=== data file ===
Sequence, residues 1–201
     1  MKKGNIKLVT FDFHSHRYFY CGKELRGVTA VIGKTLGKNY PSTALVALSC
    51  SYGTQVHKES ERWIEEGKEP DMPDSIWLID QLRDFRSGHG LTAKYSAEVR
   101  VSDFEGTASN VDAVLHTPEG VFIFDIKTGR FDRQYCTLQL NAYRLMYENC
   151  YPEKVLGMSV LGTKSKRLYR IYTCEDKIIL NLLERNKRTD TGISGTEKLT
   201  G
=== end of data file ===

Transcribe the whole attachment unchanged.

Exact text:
Sequence, residues 1–201
     1  MKKGNIKLVT FDFHSHRYFY CGKELRGVTA VIGKTLGKNY PSTALVALSC
    51  SYGTQVHKES ERWIEEGKEP DMPDSIWLID QLRDFRSGHG LTAKYSAEVR
   101  VSDFEGTASN VDAVLHTPEG VFIFDIKTGR FDRQYCTLQL NAYRLMYENC
   151  YPEKVLGMSV LGTKSKRLYR IYTCEDKIIL NLLERNKRTD TGISGTEKLT
   201  G